Forwarded from: Aj Effin Reznor <ajat_private> "InfoSec News was known to say....." > Forwarded from: "Lepchenske, Craig L (Raytheon)" <LepchenskeCLat_private> > > Greetings all. I have been reading this newsgroup for a little while > now. I'd like my first comment made on this list to be on the > "cyberterrorism" debate. I hope I don't put my foot too far in my > mouth. Welcome! I'll make a few short, glib comments I'm notorious for, and leave it at that :) (I am making a slight rearranging of text to glob to similar thoughts into one area. Not changing meanings or setting anything out of context anywhere.) > To me, it seems as if cyberterrorism would require a "give or I'll > take" type threat in order to be considered "cyberterrorism". The > examples listed above seem to be a "I'll take and I don't care what > you do or think" type statement only. There were, to my knowledge, > no demands for social or political change in order to stop the > denial of service condition. True, it did cost millions in potential > business, but there were no threats made. So let's take a look at > what might be the definition in The American Heritage Dictionary for > Cyberterrorisim: Correct, and : > There is a real threat for cyberterrorism, but first would have to > come a threat, "If you don't paint a mustache on the statue of > liberty, we'll launch a denial of service on the NYSE." THAT, is > cyberterrorism. Well, for some degree, yes. However, the US Government has never, *ever* let *facts* get in the way of making laws and enforcing them. "The United States is a nation of laws: badly written and randomly enforced." -Frank Zappa > Only a few words changed there, and I'm sure there could be other > unlawful uses or threatened uses, but you get my point. I think many > people have confused that word "cyberterrorism", and the exact > reason why there are some outlandish laws in the works with that > word stapled to them. Some people in congress are confused and wish > to call all The only confusion from the terms comes from the way the Gov. has chosen to bastardize the meaning. THe US populace, sheeple that they are, will accept what is spoonfed into their diminutive heads. Sure, *we* know this is all wrong.. the definitions, the abuses.. but we also *think*. > As for the ethics question, perhaps parents should take the > responsibility there. So many inherent parental responsibilities are > shoved off to the government and to the school systems because > parents can't or wont follow through with their obligations. > Eventually, we'll find that we, as parents, will have little or no > say in what our children learn or do, because we've given most or > all of the responsibility to the school systems. Parents are taking less responsibility of late as they rarely, truly *want* the children they are having. A father once complained to a high school principle because his sone failed a class, because a portion of the grade was based on homework, and his son had never turned any in apparently. Yes, the father was blaming the school because his son did not do work AT HOME. And we want parents to take responsibility for their offspring's actions? Uh, no. Not likely to happen. This gets into a whole social disassembly which (for once) I'm not going to get into here. :) You're welcome, William ;P~ > Perhaps this topic has been worn thin, but it seems to me that > people are still misconstruing that word "cyberterrorism". Totally agreed. -aj. - ISN is currently hosted by Attrition.org To unsubscribe email majordomoat_private with 'unsubscribe isn' in the BODY of the mail.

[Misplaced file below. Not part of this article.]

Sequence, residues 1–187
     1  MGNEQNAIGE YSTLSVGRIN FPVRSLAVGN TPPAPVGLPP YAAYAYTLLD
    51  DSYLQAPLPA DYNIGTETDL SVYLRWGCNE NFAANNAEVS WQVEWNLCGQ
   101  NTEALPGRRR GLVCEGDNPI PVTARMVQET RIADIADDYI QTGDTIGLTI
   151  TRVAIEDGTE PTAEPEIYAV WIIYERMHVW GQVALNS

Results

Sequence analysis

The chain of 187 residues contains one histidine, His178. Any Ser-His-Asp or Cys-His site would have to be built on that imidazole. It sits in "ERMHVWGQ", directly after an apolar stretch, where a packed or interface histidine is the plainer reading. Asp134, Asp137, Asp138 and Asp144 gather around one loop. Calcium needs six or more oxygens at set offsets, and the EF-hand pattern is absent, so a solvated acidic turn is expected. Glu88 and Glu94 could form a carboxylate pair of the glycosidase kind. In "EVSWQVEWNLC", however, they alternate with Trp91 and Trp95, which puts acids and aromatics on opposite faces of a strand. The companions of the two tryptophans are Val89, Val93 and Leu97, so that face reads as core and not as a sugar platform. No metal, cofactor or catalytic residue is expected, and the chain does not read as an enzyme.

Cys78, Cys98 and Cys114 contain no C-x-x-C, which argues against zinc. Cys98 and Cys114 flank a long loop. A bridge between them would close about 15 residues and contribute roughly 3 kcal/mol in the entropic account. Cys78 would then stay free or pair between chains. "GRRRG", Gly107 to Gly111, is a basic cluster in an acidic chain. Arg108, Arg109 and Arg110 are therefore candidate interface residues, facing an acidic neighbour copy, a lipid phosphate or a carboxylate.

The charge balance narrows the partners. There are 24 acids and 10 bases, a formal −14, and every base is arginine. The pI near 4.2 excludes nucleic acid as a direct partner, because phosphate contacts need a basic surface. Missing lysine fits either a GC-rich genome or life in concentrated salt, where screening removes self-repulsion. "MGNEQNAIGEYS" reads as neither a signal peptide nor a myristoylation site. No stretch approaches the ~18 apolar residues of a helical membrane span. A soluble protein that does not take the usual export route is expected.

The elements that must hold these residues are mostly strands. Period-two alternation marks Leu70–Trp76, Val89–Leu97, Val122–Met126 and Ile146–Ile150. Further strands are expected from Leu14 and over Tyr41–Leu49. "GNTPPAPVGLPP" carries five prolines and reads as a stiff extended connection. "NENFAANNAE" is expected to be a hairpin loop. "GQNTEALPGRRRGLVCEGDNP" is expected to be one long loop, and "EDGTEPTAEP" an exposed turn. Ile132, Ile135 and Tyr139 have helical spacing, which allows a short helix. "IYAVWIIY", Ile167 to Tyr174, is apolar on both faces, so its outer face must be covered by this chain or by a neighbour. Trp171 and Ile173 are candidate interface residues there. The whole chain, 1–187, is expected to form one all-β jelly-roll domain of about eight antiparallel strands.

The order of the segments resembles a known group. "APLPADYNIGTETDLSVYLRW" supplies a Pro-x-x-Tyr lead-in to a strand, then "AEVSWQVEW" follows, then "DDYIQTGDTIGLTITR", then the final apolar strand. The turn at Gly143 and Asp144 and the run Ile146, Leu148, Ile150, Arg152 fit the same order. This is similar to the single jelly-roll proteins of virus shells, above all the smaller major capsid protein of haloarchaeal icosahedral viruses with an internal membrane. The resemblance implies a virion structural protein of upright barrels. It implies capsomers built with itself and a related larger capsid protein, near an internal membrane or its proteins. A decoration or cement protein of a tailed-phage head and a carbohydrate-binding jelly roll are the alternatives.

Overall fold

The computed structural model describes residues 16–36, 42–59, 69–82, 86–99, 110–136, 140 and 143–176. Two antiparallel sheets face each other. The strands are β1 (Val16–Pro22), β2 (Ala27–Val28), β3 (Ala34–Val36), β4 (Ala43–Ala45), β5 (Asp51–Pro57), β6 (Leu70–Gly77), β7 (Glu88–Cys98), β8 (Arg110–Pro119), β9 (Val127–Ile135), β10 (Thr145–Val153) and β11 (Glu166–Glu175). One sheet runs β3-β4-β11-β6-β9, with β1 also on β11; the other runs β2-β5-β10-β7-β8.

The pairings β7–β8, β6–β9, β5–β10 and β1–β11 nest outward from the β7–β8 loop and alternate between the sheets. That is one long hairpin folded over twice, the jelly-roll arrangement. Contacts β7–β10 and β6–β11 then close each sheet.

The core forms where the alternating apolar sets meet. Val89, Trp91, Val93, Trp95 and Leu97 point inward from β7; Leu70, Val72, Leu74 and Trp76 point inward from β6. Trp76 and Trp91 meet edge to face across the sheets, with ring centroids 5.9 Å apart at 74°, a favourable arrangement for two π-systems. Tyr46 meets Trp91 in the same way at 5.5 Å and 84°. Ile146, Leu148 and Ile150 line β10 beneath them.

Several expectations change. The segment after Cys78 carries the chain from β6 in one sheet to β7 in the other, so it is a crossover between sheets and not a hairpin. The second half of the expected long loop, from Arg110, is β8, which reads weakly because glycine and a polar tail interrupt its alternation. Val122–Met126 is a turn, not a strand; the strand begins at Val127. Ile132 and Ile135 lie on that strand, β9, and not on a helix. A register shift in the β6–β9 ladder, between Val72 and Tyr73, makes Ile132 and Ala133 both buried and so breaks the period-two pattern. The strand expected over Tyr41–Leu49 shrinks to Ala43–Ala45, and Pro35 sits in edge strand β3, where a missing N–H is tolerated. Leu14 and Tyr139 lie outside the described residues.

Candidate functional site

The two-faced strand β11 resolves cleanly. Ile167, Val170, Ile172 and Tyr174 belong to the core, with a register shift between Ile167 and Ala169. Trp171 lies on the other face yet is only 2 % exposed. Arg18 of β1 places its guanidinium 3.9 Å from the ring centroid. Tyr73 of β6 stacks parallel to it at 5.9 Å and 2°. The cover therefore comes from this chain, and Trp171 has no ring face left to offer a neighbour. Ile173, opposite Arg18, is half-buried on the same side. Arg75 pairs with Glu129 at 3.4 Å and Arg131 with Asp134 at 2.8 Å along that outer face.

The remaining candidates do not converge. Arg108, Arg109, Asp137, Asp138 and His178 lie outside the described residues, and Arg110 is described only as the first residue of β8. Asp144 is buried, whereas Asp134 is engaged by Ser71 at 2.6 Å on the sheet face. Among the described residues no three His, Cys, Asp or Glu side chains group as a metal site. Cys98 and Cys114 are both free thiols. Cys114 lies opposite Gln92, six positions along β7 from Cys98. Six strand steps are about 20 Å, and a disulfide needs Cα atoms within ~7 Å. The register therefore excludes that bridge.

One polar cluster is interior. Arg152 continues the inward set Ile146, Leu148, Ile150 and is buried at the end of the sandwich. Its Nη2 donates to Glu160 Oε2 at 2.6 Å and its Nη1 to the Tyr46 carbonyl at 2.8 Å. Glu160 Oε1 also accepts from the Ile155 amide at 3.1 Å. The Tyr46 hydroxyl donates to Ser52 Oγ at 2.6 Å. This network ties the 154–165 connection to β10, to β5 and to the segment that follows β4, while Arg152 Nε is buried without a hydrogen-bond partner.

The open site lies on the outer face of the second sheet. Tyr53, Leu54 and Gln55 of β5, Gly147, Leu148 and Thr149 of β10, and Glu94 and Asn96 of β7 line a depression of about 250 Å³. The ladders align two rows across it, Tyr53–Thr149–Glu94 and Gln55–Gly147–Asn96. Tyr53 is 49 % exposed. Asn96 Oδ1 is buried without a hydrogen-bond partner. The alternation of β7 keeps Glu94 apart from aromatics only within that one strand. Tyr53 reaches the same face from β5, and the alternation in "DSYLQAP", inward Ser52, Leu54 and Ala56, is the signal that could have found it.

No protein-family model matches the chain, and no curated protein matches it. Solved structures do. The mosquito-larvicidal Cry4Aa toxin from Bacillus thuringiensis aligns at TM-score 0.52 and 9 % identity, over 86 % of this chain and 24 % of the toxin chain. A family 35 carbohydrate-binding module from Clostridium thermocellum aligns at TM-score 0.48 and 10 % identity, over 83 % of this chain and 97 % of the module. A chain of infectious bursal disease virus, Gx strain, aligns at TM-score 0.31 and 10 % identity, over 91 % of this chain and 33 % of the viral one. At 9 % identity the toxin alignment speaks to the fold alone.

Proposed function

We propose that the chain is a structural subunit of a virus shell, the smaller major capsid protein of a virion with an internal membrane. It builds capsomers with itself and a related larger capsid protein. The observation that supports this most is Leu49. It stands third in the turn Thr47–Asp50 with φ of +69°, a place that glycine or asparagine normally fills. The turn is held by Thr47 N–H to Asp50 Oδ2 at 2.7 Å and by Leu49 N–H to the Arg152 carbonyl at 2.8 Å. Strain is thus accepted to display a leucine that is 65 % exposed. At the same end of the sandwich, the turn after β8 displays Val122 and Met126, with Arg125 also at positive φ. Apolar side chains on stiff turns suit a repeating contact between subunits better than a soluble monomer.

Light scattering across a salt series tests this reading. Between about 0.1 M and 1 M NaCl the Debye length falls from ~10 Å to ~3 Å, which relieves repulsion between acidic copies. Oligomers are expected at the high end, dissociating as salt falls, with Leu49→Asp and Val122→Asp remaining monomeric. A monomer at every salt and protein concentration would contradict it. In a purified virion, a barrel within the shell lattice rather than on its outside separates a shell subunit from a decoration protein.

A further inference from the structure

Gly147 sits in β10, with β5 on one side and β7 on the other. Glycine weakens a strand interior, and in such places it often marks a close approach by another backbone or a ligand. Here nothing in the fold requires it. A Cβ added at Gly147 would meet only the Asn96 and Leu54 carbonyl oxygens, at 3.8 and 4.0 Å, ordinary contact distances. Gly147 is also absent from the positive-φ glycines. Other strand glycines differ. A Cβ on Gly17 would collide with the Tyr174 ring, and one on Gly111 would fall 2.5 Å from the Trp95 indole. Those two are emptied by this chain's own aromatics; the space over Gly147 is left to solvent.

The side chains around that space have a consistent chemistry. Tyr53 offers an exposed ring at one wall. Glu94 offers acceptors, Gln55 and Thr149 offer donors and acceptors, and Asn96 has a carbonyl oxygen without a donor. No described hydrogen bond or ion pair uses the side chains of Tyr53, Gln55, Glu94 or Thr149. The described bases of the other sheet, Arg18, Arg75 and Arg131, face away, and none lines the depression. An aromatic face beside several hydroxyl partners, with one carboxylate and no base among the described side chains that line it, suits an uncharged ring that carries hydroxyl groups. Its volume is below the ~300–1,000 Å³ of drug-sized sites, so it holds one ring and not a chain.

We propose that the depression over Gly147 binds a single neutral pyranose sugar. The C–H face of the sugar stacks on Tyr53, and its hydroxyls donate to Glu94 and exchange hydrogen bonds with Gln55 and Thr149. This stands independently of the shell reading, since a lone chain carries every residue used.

This archive was generated by hypermail 2b30 : Tue Jun 04 2002 - 04:45:16 PDT